Developed by Cisco, AppDynamics bills itself as “the world’s only business-first observability platform”, allowing you to “spot every application issue” and pinpoint root causes of application problems in real-time, from 3rd party APIs down to code-level issues.

It offers real-time monitoring “from code level to customer experience”, with application performance monitoring, end-user monitoring, and infrastructure visibility. This end-to-end transaction tracing can be done no matter if your resources are on-premises, in the cloud, or on a hybrid architecture.

AppDynamics' Google Cloud Monitoring
Application Flow Map on AppDynamics

The application performance baselining feature relies on agents that are monitoring business transactions sending performance and business data back to the controller, which uses AI to create a baseline of what is the “normal” performance of your applications. Health rules leverage those baselines to establish performance thresholds, with alerts being raised, and corrective action being undertaken, when those are exceeded.

Monitoring on AppDynamics is agent-based. The agents require a compatible Java Virtual Machine (JVM) and Java Runtime Environment (JRE). The Azul JRE version 1.8 is bundled on most of the supported platforms, which include AIX, Linux (CentOS, Debian, Fedora, open SuSE leap, Red Hat Enterprise Linux, SuSE Linux Enterprise, and Ubuntu), Solaris, and Windows. There is a free 15-day trial available for GCP customers


Zenoss is a Google Cloud partner and offers a solution that can monitor all major public (including Azure, AWS, and the Google Cloud Platform) and private cloud platforms, as well as hybrid environments. The GCP integration includes resources in Google Compute Engine (GCE), Google Kubernetes Engine (GKE), Google Cloud Dataflow, and Google Cloud Functions.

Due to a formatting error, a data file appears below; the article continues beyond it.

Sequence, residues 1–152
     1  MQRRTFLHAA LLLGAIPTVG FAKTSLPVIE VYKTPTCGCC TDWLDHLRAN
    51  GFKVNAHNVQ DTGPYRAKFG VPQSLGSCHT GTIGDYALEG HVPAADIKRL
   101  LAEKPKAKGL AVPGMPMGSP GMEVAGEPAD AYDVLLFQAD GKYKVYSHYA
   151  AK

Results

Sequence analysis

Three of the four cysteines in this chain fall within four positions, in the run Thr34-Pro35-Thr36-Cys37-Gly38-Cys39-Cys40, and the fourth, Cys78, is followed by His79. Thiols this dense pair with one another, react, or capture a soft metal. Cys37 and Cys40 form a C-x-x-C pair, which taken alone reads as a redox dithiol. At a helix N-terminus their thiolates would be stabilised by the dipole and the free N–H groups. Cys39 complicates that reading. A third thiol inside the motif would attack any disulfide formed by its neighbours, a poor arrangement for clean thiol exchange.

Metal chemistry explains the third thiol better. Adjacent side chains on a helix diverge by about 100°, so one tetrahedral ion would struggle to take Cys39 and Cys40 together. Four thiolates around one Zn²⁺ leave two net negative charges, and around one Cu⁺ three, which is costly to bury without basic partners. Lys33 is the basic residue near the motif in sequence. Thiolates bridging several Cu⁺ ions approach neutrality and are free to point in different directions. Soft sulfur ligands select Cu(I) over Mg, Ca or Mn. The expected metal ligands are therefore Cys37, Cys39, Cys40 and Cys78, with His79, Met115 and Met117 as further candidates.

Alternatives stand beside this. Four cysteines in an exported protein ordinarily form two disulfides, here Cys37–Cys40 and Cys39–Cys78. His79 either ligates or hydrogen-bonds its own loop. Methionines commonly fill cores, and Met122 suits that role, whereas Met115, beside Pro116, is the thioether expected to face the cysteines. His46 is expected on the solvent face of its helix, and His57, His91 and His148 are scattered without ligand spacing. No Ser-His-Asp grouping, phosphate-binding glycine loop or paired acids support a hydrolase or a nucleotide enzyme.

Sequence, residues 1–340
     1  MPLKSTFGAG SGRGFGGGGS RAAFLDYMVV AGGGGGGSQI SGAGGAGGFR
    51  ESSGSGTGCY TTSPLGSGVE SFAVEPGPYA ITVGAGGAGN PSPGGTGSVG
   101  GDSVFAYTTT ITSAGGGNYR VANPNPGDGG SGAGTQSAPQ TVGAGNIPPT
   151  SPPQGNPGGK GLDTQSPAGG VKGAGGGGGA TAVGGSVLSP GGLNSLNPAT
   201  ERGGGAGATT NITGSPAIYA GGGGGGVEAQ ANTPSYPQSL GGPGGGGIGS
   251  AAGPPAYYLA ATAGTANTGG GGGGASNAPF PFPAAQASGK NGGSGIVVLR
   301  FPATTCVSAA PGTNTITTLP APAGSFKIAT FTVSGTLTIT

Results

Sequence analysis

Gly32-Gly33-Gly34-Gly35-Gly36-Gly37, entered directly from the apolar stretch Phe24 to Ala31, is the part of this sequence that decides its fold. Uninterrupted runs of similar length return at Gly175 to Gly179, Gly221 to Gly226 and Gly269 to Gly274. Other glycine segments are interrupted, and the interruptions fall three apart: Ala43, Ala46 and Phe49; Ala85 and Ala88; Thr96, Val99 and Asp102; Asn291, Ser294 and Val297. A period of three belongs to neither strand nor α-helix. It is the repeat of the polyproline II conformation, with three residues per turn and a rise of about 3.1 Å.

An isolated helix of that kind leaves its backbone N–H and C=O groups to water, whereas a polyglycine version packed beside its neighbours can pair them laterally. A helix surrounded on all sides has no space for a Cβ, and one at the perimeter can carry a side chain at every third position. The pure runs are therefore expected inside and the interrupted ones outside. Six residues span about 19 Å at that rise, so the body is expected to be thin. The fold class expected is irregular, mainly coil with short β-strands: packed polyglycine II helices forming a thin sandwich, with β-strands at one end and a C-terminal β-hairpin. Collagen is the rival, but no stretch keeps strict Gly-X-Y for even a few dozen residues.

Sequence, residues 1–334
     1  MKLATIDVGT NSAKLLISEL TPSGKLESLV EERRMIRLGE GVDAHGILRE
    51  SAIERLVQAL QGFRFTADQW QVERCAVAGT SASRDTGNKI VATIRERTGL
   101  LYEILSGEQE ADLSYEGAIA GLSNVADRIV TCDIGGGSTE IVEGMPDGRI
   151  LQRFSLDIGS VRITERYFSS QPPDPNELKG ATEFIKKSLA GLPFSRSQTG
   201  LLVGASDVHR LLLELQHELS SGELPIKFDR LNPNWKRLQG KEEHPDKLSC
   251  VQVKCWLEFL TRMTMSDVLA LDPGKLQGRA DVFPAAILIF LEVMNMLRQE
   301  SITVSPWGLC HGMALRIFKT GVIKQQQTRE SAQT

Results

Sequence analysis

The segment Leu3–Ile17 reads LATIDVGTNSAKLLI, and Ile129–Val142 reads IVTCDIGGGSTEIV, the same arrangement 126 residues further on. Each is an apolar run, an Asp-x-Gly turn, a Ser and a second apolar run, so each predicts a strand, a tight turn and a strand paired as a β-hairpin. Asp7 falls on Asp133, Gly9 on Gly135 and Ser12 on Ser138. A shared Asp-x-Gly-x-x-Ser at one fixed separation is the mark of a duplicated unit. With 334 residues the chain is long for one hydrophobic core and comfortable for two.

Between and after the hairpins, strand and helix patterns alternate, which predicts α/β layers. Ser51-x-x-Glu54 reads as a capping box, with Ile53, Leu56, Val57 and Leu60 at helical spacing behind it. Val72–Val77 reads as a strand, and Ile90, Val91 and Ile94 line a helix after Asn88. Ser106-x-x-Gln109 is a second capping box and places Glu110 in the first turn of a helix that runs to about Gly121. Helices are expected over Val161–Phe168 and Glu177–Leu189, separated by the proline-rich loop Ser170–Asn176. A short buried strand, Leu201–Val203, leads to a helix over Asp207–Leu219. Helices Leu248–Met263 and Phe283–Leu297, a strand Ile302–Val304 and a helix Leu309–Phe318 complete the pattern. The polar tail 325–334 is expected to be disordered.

Zenoss monitors the health, status, and performance of GCP’s compute instances and Kubernetes clusters, and the relationships between critical components of applications. This includes performance indicators such as CPU, disk, and memory usage for servers and containers, and network and firewall throughput and packet rate.

Google Cloud Monitoring with Zenoss
The main monitoring dashboard on Zenoss

This tool can also help with cloud migrations, by identifying system interdependencies and redundant equipment to eliminate the cost of transitioning unnecessary systems, maintaining visibility, data collection, and dependency mapping as resources are migrated to the cloud.

To use Zenoss, you will need to install a Zenoss Cloud Collector virtual appliance to feed data into the platform. This can run as a Google Compute Engine instance in the Google Cloud Platform. Those interested in the platform can request a demo, but there is no free trial available.

Sumo Logic

Sumo Logic is a log analytics platform that offers deep integration with Amazon AWS, Microsoft Azure, and the Google Cloud Platform, including GCP services like the Google App Engine, VPC, IAM, and Cloud Audit.

It has integration with the Anthos container management platform, to manage your Kubernetes clusters, and support for Google Apps, including monitoring and analysis of Google Apps audit logs. In total, there are 12 integrations specific to the GCP.

Sumologic's Google Cloud Monitoring
Google Apps dashboard on Sumo Logic

There is support for distributed transaction tracing for Kubernetes, allowing you to monitor execution and performance across an application, with full integration of logs, metrics, and metadata. According to Sumo Logic, the tracing feature “supports the OpenTelemetry standard and leverages open source components from the Cloud Native Computing Foundation (CNCF) to collect distributed tracing data.”

Sumo Logic is cloud-based but uses collectors to gather and feed data into the platform. These are Java-based, and support Windows Server (2012, 2016, 2019, and 2022), Windows 7, 8, 8.1, 20 or 11 (32 or 64-bit versions), macOS 10.10 (Yosemite) or later, and many Linux distributions, including RHEL and CentOS (6 or later), Ubuntu (14 or later), Debian (8 or later), SuSE (12 or later) and Amazon Linux AMI. There is a 30-day free trial of the platform available.